Echidnas blow snot bubbles and do belly flops to keep cool, scientists find | Animals
It’s long been thought echidnas are poor at dealing with the Australian heat but researchers say they have some secret weapons, including snot bubbles.
Echidnas rely on snot bubbles and belly flops to keep themselves cool in the searing heat, researchers have found.
The furry and spiky pointy-beaked critters don’t perform the usual behaviours animals rely on to avoid overheating.
Sweating is out of the question because they don’t have the right glands. Nor do they pant or lick themselves. But they do have a secret weapon.
It turns out they blow snot bubbles to cool a pool of blood at the top of their elongated beaks.
They also perform belly flops on cool surfaces, allowing the escape of heat when their spineless tummies make contact with patches of shady ground or hollowed-out logs, and their legs also let heat escape.
Dr Christine Cooper, from Curtin University, has used thermal vision of wild echidnas, taken south-west of Perth, to unpack how they exchange heat with their environment.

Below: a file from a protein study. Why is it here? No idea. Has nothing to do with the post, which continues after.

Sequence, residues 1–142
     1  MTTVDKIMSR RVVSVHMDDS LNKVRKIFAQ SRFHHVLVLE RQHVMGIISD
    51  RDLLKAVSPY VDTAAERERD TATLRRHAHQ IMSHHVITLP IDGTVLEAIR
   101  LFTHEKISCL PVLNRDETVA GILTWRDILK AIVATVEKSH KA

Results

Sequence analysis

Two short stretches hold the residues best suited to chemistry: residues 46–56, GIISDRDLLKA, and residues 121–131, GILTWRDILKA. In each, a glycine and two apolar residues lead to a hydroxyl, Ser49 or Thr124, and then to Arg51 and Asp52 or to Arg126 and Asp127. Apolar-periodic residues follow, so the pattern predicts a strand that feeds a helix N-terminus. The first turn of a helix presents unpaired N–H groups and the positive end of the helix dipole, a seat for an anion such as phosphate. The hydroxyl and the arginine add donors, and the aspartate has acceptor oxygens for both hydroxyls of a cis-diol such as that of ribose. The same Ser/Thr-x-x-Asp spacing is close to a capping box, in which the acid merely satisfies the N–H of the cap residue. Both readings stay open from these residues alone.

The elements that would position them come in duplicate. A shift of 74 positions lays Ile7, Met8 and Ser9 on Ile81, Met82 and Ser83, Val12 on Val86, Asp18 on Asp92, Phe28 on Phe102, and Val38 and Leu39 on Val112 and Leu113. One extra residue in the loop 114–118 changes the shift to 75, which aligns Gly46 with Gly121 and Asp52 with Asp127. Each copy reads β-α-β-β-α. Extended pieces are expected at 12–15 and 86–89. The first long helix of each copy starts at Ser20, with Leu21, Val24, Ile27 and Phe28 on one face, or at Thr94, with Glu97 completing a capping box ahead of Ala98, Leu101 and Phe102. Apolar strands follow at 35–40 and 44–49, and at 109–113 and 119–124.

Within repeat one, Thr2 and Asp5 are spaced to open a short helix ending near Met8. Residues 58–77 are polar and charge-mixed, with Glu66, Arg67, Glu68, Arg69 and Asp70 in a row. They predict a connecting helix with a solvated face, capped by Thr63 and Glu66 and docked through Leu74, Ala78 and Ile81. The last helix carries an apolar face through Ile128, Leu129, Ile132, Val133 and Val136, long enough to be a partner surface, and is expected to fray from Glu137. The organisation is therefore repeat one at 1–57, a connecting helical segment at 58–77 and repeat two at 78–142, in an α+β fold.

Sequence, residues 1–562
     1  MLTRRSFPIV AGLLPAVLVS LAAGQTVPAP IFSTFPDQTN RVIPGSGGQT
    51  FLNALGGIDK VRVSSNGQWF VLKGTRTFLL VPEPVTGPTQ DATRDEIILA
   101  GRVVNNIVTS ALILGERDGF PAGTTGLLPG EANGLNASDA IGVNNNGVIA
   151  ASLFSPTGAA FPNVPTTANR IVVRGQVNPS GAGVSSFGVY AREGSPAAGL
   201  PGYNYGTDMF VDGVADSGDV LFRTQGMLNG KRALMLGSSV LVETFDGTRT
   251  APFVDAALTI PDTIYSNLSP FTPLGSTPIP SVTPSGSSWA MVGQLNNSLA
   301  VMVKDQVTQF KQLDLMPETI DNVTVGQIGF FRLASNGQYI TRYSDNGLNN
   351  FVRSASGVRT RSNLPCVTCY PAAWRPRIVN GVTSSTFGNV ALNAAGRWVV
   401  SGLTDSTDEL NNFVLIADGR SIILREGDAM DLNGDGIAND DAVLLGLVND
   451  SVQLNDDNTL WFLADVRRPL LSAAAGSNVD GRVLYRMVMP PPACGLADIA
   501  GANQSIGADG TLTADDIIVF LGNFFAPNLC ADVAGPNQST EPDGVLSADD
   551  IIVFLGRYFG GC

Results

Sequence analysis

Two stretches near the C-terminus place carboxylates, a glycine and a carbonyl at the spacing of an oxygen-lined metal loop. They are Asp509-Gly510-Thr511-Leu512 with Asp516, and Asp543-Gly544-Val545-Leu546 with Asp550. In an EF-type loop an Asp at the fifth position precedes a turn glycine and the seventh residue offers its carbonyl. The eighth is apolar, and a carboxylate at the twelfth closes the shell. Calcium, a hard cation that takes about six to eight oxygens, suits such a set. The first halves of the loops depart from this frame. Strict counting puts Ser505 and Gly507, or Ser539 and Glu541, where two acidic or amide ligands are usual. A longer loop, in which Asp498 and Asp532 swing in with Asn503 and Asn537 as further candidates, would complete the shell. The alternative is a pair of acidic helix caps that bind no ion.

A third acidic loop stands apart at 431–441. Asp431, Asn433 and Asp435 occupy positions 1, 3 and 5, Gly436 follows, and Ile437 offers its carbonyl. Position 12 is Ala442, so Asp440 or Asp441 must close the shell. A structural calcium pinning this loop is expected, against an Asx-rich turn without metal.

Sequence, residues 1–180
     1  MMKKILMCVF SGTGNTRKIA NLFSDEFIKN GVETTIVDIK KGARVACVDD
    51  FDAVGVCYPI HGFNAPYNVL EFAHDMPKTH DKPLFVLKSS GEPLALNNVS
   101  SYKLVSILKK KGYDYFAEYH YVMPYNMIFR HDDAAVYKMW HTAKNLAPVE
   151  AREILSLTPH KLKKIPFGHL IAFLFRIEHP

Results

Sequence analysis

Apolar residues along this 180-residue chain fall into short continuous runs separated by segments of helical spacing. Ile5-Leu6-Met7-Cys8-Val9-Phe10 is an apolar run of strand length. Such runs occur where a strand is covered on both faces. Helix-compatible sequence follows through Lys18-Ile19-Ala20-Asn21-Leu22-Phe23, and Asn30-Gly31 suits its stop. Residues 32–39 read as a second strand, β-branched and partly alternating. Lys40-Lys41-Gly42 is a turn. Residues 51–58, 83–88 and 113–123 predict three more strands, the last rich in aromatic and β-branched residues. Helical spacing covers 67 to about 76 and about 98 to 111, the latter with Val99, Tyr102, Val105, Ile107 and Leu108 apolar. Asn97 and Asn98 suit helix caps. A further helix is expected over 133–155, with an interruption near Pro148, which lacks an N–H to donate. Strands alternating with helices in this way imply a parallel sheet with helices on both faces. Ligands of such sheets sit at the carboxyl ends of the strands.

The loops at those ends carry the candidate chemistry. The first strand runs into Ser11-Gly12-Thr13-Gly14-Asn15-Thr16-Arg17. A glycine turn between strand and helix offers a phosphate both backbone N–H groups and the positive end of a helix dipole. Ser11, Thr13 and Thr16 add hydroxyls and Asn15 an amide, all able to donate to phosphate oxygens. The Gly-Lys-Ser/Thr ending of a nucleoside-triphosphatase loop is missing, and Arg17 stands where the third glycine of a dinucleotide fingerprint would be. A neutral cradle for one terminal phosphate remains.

“Echidnas are not supposed to be very tolerant to high temperatures and that’s pretty unusual for a species that lives all over the Australian continent,” she says.
“So we have suspected for a long time that they’re much more tolerant than what the early lab data suggests. And that raises the question of how do they deal with these higher temperatures when they don’t pant or lick or sweat.”
One novel approach is snot bubbles.
“They blow mucus bubbles out of their nose and they burst and wet the tip of their snout,” she says.
“That means evaporation can cool the big pool of blood that’s just under the skin at the tip of their nose. When we looked at the temperature of their snouts it was really quite cold.”
They can also use their bellies and legs, which lack insulating spines, to flop down on or press against cool surfaces and shed body heat that way.
Dr Cooper says it’s important to understand how echidnas tolerate heat, as the world’s climate warms.
“The next thing we need to do is some thermal modelling to see how important these thermal windows are for heat dissipation, and where their thermal limits might lie.
“We can then calculate do they have to spend 10 minutes in the sun before they overheat, or can they spend an hour in the sun at different conditions and how might that change their foraging duration and that sort of thing.”
The research has been published in the journal Biology Letters.